Comedy like any other creative element is an art, for some it has meant perfecting their skills over many years for others they are thrust into the limelight overnight. Whether we like it or not there is comedy about every subject with the potential to offend that you can think of. To get offended is your own personal right but I would argue investigating the context and subject of the joke. To give a current example Sacha Baren Cohen’s infamous character “Ali G” first appeared some 18 years ago and is suddenly now offensive to black people. I feel it necessary to explain that they are not the subject of the joke here it is in fact the white person impersonating them that he is parodying. When “Ali G” first appeared on Channel 4 it was a significant moment in comedy, I personally found a lot of it hilarious but I am aware that the true meaning some of the jokes are quite subtle.
Currently Twitter is ablaze with outrage over “Ali G” an interesting turn in what has been a week of serious protesting and increase in awareness of the #blacklivesmatter movement. It stems from a Left wing journalist who seems to have taken offence on the whole of the black community calling it #muhracism. The support has been incredible but in equal measures there has been more sadness and yet somehow someone has suddenly decided they need to feel mortally offended over a comedy sketch from 18 years ago. I suggest it would be more productive to help the movement rather than dwelling on a joke from the past, the only way we can affect change properly is to look to the future not get lost in the past.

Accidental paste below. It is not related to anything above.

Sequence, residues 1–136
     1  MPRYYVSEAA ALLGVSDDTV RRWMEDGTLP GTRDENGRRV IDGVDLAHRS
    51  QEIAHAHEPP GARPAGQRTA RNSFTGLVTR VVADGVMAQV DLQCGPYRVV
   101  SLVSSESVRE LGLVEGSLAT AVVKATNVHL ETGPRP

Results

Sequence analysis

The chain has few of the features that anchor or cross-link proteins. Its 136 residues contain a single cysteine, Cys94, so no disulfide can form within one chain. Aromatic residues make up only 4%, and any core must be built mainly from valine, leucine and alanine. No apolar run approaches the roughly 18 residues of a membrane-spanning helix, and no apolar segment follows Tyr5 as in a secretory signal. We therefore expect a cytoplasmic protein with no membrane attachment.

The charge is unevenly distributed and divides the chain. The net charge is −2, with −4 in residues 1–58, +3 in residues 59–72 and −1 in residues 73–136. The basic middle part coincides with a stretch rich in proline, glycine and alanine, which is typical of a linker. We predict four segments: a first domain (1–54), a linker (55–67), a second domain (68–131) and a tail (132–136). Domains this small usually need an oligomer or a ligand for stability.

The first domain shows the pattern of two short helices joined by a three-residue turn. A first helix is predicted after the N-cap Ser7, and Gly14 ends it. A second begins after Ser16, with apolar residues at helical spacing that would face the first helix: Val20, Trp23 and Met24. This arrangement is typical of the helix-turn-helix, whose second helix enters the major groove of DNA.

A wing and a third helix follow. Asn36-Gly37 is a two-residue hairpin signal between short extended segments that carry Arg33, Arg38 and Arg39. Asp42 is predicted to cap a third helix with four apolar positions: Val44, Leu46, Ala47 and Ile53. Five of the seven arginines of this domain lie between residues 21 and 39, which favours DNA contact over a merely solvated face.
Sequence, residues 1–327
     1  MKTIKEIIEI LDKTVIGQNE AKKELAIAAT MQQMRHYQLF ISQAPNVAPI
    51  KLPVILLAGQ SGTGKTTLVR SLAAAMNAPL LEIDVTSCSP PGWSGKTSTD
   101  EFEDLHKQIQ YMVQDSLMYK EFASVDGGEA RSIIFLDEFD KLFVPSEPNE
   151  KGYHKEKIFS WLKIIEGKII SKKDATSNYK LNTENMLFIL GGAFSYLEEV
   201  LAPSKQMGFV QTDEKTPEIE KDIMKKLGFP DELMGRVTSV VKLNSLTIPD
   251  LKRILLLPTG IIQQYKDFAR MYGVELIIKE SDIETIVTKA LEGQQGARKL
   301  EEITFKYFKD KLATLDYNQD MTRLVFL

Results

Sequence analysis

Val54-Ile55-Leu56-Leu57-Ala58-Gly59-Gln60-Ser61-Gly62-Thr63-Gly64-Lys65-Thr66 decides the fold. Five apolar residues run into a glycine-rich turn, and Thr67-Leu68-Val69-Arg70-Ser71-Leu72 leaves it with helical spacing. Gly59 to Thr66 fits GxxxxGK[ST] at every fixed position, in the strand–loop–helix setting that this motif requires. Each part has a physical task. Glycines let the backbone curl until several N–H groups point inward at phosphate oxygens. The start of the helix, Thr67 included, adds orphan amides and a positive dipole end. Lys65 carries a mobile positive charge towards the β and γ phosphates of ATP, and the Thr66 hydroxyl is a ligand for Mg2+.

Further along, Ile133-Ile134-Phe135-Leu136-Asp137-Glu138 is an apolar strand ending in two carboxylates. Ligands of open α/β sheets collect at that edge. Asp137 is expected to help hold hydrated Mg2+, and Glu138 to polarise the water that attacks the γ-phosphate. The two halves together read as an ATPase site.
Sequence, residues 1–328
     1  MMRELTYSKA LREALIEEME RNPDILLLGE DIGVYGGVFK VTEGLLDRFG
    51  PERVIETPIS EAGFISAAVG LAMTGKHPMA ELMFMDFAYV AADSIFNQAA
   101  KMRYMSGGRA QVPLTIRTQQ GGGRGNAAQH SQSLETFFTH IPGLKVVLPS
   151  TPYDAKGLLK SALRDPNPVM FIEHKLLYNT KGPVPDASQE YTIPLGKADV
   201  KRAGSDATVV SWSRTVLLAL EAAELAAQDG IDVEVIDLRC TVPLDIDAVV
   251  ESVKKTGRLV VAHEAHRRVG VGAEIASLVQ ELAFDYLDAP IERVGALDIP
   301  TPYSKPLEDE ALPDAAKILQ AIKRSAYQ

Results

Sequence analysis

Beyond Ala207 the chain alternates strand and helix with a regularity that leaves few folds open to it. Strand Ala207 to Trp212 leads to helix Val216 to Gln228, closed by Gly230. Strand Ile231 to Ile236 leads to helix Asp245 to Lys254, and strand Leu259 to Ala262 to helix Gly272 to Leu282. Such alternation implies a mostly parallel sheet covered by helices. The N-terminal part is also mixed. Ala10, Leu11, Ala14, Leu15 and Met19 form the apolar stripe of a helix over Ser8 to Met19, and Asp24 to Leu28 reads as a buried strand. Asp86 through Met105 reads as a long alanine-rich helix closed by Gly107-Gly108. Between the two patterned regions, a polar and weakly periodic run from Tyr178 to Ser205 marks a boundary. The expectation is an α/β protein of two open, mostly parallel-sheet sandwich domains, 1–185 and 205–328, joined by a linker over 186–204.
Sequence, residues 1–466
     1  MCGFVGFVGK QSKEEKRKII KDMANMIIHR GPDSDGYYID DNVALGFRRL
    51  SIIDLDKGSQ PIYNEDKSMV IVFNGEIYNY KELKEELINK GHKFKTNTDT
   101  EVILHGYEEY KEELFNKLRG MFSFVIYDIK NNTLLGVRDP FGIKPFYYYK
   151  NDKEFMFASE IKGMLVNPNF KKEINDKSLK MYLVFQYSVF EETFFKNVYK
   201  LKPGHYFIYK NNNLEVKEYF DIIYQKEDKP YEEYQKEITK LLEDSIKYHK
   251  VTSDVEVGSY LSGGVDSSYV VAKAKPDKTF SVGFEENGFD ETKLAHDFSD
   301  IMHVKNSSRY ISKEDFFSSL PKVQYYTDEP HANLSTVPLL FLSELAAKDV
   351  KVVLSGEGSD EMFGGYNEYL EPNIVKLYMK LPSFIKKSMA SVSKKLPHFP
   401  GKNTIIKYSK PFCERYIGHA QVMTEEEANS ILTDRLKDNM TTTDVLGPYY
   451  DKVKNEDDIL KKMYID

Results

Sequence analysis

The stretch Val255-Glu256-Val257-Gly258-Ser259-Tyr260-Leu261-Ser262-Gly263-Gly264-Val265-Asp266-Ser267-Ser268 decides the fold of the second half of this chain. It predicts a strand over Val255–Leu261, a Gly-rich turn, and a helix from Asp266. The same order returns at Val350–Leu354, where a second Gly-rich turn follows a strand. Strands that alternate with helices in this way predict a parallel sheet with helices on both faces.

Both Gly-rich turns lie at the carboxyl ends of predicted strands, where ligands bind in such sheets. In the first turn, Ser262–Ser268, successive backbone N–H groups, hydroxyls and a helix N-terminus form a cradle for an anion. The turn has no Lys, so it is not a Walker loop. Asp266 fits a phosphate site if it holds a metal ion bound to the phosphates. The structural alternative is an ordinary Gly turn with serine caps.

Spread a little love not hate once in a while and the world will be a better place.
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